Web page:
I use Sharpie and Bic black permanent markers (fine point, although "fine" on these markers is still far thicker than on the mechanical pencils or Stabilo markers), for filling in the between-stuff fill.  
For ink and marker corrections, I use a Bic Wite-Out Shake 'n' Squeeze correction pen, although it's not always the best.  Sometimes I'll just patch a sheet by redrawing it, and taping a smaller sheet atop the area that needs repair (I'll do the same thing in some maps to add another layer above or below the baseline elevation of the level, too---my "Heretical Temple of Wee Jas" level has these elevated additions taped to the map). 

To store my pens and pencils, I use a ArtBin Pencil/Utility Box (one for each).  Inside them, in addition to the pens or pencils, I keep a small manual pencil sharpener with two sizes of holes, spare pencil leads and erasers for the mechanical pencils, very small rulers (including a small triangle ruler with different grids along each face; this too dates from Penn State), spare blue and black ink rollerball cartridges for my Parker pen, and the odd paper clip or binder clip.  The ArtBin boxes have padding along one side, which helps prevent the tips of the pencils from being crushed as they move around in the box.   


I have ten plastic mapping stencils that I keep together using a single ring-clip.  Here are a few of them:

A sampling of grodog's mapping tools
A sampling of grodog's mapping tools

My go-to stencil is one I've had since college (several of my mapping supplies, in fact, date from my one semester and one week as an architecture major at Penn State), and is the Template Designs General Purpose TD 422.  I use this to draw doors, hexes, arcs, and small equilateral triangles.  Henry has a newer version that's basically the same template but with two arcs on it instead of just one, but I think it has fewer hexes.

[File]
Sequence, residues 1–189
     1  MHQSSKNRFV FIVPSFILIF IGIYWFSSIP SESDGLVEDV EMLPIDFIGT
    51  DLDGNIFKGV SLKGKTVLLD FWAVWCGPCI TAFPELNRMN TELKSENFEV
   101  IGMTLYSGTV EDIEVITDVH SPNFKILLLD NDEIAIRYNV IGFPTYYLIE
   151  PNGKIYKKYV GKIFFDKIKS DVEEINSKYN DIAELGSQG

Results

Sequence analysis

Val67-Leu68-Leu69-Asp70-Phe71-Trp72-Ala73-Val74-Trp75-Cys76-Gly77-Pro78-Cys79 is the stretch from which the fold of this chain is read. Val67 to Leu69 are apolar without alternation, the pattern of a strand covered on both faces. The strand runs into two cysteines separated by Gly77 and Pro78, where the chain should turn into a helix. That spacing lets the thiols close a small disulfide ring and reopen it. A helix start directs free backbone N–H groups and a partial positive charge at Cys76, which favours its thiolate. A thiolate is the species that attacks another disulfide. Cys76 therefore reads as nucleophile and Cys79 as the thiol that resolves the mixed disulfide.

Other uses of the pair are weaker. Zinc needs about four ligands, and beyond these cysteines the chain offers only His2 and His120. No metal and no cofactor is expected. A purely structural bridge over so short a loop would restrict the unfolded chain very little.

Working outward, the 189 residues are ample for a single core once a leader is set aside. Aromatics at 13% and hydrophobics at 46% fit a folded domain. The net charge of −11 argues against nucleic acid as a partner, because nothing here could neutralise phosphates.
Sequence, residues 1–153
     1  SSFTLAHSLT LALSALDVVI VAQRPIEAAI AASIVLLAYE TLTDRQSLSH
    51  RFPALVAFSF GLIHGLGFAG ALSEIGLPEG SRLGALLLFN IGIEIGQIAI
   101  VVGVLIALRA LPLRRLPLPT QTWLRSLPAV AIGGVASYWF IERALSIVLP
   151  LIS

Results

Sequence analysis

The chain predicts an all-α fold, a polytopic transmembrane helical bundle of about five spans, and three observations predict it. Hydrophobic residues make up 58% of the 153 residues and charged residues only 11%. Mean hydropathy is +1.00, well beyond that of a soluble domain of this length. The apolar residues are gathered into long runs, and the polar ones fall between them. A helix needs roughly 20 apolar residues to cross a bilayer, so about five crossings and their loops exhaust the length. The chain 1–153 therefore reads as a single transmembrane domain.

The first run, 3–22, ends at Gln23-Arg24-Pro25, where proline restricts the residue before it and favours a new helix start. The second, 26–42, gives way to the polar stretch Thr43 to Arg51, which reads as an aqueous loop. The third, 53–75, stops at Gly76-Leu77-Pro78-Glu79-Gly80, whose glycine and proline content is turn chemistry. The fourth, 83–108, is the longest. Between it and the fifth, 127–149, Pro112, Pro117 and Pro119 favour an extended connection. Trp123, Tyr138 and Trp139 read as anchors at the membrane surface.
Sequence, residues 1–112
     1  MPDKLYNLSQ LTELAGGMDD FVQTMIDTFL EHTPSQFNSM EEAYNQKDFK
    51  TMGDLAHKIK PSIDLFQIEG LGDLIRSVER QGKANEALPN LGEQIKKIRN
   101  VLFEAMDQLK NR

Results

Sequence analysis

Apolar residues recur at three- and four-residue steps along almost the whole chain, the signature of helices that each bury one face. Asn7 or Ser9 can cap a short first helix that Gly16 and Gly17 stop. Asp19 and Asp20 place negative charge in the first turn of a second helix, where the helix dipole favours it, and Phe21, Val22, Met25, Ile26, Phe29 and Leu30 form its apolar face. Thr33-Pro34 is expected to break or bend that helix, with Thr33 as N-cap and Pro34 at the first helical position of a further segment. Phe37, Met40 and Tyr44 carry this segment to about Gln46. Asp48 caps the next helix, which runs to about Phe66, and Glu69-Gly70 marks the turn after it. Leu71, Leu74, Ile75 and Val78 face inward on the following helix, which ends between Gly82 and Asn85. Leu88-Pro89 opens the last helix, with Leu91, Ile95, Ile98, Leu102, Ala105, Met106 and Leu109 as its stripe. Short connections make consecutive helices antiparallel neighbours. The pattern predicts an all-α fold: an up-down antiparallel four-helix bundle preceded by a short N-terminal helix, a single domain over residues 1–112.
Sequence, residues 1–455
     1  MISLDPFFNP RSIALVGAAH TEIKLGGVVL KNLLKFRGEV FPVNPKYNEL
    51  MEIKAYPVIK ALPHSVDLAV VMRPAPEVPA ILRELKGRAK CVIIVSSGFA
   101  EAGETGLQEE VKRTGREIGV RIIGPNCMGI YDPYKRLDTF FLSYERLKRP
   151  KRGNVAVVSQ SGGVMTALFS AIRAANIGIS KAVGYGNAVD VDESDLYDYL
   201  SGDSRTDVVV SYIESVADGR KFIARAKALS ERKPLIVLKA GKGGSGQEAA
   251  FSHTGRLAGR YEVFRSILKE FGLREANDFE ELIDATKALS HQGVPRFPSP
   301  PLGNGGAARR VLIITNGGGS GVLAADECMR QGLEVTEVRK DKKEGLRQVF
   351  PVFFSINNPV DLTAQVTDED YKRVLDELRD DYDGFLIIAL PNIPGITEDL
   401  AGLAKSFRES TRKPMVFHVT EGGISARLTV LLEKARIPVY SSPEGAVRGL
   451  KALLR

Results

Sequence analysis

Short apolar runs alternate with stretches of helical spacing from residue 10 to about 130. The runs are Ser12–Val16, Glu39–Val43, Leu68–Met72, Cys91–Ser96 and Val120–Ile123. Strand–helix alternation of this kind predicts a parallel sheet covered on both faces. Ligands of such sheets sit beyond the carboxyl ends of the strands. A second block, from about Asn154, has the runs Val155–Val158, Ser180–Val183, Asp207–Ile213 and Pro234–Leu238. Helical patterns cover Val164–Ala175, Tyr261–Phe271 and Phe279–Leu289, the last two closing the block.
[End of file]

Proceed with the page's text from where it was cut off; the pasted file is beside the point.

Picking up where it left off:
Other regular-rotation stencils include:
  • Triangles and Diamonds R51
  • Squares R30, and
  • Combo Circle Master TD104---used a lot to draw both circles and arcs (using just part of a circle)
For hexagonal rooms, I use general purpose template (it has 7 hexes on it, ranging from 1/8" per side to 1/2" per side), as well as several other's I've picked up for just the hexes on them:
  • Rapiddesign R-57 Template Bolts and Nuts---includes 13 hexes and would be my first choice if i were to be buying these fresh today; the hexes range in size from 1" across side-to-side to 1/4" across side-to-side; it also has squares and circles on it, and some silhouettes of a bow-like looking washer design
  • Staedtler Professional Sketch Master Template 977-135---has 12 hexes on it, but it also has little nubs that raise the template higher off of the paper surface, which makes it a bit harder to work with
 Less-frequently used, but still quite nice to have templates include:
  • Ellipse Masters R77 and R78---I probably really didn't need both, but the ellipses span different sizes on each template; R78 is the same as R77 but includes ellipses that are 20, 30, 40, and 50 degrees)
  • Rapidesign R-83 Chemical Ring template---includes three pentagons, hexagons, septagons, and octagons, in addition to some molecule groupings of hexes
  • Learning Advantage Geometry Template 2826---includes a nice mix of larger shapes, including a novagon, decagon, various non-standard triangles and parallelograms, and a protractor

Other Tools of the Trade

I use a very nice composite-woods clipboard that one of my cousins gave me ages ago, and it fits standard letter-sized sheets quite handily.   I normally have the clipboard loaded up with sheets of scrap paper, since we re-use the blank backs of stuff that gets printed and isn't needed anymore:  I take notes for games sessions on these, use them for noodling on level keys, writing drafts of articles, etc.  While mapping, I usually draw with a few sheets of the scrap paper behind my graph paper sheet; it feels like it gives a smoother flow for drawing. 

From time-to-time, I occasionally use:

  • 6" and 12" ruler or other trustworthy straight edge; the stencils do fine most of the time; I do have a T-square also dating from my architecture days, and will use that occasionally on the larger map sheets